API

Relationship: 1716

Title

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Histone deacetylase inhibition leads to Apoptosis

Upstream event

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Histone deacetylase inhibition

Downstream event

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Apoptosis

Key Event Relationship Overview

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AOPs Referencing Relationship

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AOP Name Adjacency Weight of Evidence Quantitative Understanding
Histone deacetylase inhibition leading to testicular atrophy non-adjacent Moderate Moderate

Taxonomic Applicability

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Term Scientific Term Evidence Link
Homo sapiens Homo sapiens High NCBI
Mus musculus Mus musculus High NCBI

Sex Applicability

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Sex Evidence
Unspecific High

Life Stage Applicability

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Term Evidence
Not Otherwise Specified High

Key Event Relationship Description

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HDAC inhibition leads to cell death through the apoptotic pathways [Falkenberg and Johnstone, 2014]. Intrinsic apoptosis pathway requires BH3-only proteins, and BCL-2 protein overexpression inhibits apoptosis [Falkenberg and Johnstone, 2014]. Administration of methoxyacetic acid (MAA), a HDAC inhibitor, causes apoptosis with DNA ladder in male germ cells [Brinkworth et al., 1995]. MAA induces the apoptosis of spermatocytes at spermatogenic cycle stage IX-II [Brinkworth et al., 1995].

Evidence Supporting this KER

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Biological Plausibility

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HDAC inhibition in cancer results in apoptosis with the up-regulation of pro-apoptotic B cell lymphoma 2 (BCL-2) family genes and down- regulation of pro-survival BCL-2 genes [Falkenberg, 2014]. The antitumor effect of HDAC inhibition includes cell death and apoptosis [Falkenberg and Johnstone, 2014].

Empirical Evidence

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  • MAA-induced spermatocyte death is associated with histone acetylation increase [Wade et al., 2008].
  • The HDAC inhibition induced apoptosis markers such as BAK overexpression and suppression of phosphorylated AKT [Henderson et al., 2016].
  • The administration of MAA can cause apoptosis in the germ cells of adult male rats [Brinkworth et al., 1995].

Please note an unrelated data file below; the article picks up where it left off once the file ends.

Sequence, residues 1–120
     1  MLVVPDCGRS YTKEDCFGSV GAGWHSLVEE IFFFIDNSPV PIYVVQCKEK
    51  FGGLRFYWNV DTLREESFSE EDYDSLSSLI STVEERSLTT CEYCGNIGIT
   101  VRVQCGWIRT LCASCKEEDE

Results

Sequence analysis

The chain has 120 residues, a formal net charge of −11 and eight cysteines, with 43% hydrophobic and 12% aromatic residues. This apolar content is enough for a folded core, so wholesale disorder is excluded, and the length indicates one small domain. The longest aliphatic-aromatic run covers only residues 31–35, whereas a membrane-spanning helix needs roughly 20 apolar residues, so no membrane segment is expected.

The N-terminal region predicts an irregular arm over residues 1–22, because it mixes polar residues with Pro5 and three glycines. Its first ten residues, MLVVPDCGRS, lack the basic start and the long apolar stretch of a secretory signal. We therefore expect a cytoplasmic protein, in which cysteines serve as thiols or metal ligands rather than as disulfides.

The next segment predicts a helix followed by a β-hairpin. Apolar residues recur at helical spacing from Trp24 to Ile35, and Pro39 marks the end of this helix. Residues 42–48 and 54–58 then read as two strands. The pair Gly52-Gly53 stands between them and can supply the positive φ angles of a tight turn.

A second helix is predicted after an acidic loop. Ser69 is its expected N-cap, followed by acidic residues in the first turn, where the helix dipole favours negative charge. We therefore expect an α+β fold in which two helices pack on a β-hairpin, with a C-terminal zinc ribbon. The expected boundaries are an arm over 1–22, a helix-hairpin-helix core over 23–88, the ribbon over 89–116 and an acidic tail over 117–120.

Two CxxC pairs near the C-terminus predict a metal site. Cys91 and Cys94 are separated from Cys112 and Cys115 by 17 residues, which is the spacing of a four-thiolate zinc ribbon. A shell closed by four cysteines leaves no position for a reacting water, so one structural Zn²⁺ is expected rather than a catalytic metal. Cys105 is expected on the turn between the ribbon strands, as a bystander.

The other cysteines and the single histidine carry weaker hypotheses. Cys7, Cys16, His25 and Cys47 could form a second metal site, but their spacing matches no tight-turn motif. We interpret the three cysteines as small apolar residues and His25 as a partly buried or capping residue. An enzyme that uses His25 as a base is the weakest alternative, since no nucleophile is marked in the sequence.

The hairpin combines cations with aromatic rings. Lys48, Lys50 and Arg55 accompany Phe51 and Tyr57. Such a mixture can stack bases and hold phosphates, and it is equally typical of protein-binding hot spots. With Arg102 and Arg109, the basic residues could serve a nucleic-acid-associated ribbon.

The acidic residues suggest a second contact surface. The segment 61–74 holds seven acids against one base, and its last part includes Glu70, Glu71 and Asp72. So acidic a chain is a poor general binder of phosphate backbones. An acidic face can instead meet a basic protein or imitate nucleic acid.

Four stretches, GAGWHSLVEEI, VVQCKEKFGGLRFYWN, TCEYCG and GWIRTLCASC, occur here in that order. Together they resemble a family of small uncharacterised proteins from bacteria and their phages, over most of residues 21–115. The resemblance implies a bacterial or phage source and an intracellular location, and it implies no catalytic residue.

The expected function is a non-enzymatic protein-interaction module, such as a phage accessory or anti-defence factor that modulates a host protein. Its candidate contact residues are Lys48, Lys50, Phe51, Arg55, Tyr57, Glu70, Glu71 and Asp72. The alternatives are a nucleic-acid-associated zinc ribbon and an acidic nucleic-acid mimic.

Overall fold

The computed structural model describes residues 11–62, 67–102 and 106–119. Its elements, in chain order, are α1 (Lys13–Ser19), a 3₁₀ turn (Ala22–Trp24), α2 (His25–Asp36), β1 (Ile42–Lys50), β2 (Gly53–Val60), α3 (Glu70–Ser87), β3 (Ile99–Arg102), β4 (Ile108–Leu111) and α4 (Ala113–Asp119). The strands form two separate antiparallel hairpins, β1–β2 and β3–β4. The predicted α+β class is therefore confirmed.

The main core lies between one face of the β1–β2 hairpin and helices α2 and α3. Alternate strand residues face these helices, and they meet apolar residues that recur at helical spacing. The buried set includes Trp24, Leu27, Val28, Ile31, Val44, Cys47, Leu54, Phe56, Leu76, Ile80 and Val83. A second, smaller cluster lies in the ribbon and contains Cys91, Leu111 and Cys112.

Uncertainties and Inconsistencies

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It is uncertain through which pathway the HDAC inhibition induces apoptosis.

Quantitative Understanding of the Linkage

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MAA (5 mM) induced apoptosis in prostate cancer cell lines, LNCaP, C4-2B, PC-3 and DU-145, in which apoptotic nucleosomes were calculated as absorbance at 405 nm – absorbance at 490 nm [Parajuli et al., 2014].

Response-response Relationship

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Time-scale

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MAA (5 mM) decreased protein expression of BIRC2 and activated caspases 7 and 3 within 72 hrs [Parajuli et al., 2014].

Known modulating factors

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Known Feedforward/Feedback loops influencing this KER

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Domain of Applicability

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・AR-42 inhibited proliferation of human pancreatic cancer cells (Homo sapiens) [Henderson et al., 2016].

・MAA induced apoptosis in human prostate cancer cell lines. The apoptosis and proliferation inhibition induced by MAA, a HDAC inhibitor, was measured in human prostate cancer cell lines (Homo sapiens) [Parajuli et al., 2014].

・SAHA or TSA, which are HDAC inhibitors, reduced cell viability in NHDFs (Homo sapiens) [Glaser et al., 2003].

・The proliferation of the HDAC-/- ES cells was inhibited compared to HDAC+/+ ES cells (Homo sapiens) [Zupkovitz et al., 2010].

References

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Brinkworth, M.H. et al. (1995), "Identification of male germ cells undergoing apoptosis in adult rats", J Reprod Fertil 105:25-33

Falkenberg, K.J. and Johnstone, R.W. (2014), "Histone deacetylases and their inhibitors in cancer, neurological disease and immune disorders", Nat Rev Drug Discov 13:673-691

Glaser, K.B. et al. (2003), "Gene expression profiling of multiple histone deacetylase (HDAC) inhibitors: defining a common gene set produced by HDAC inhibition in T24 and MDA carcinoma cell lines", Mol Cancer Ther 2:151-163

Henderson, S.E. et al. (2016), "Suppression of tumor growth and muscle wasting in a transgenic mouse model of pancreatic cancer by the novel histone deacetylase inhibitor AR-42", Neoplasia 18:765-774

Parajuli, K.R. et al. (2014), "Methoxyacetic acid suppresses prostate cancer cell growth by inducing growth arrest and apoptosis", Am J Clin Exp Urol 2:300-312

Wade, M.G. et al. (2008), "Methoxyacetic acid-induced spermatocyte death is associated with histone hyperacetylation in rats", Biol Reprod 78:822-831

Zupkovitz, G. et al. (2010), "The cyclin-dependent kinase inhibitor p21 is a crucial target for histone deacetylase 1 as a regulator of cellular proliferation", Mol Cell Biol 30:1171-1181